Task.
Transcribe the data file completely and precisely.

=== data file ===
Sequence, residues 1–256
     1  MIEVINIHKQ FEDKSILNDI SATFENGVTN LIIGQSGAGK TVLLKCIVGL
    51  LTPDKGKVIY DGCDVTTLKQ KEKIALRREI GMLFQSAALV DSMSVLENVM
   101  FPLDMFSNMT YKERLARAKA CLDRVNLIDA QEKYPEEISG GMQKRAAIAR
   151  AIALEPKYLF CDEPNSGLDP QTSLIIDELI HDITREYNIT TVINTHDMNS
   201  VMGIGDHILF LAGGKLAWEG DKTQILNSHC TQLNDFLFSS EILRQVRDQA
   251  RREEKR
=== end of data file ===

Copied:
Sequence, residues 1–256
     1  MIEVINIHKQ FEDKSILNDI SATFENGVTN LIIGQSGAGK TVLLKCIVGL
    51  LTPDKGKVIY DGCDVTTLKQ KEKIALRREI GMLFQSAALV DSMSVLENVM
   101  FPLDMFSNMT YKERLARAKA CLDRVNLIDA QEKYPEEISG GMQKRAAIAR
   151  AIALEPKYLF CDEPNSGLDP QTSLIIDELI HDITREYNIT TVINTHDMNS
   201  VMGIGDHILF LAGGKLAWEG DKTQILNSHC TQLNDFLFSS EILRQVRDQA
   251  RREEKR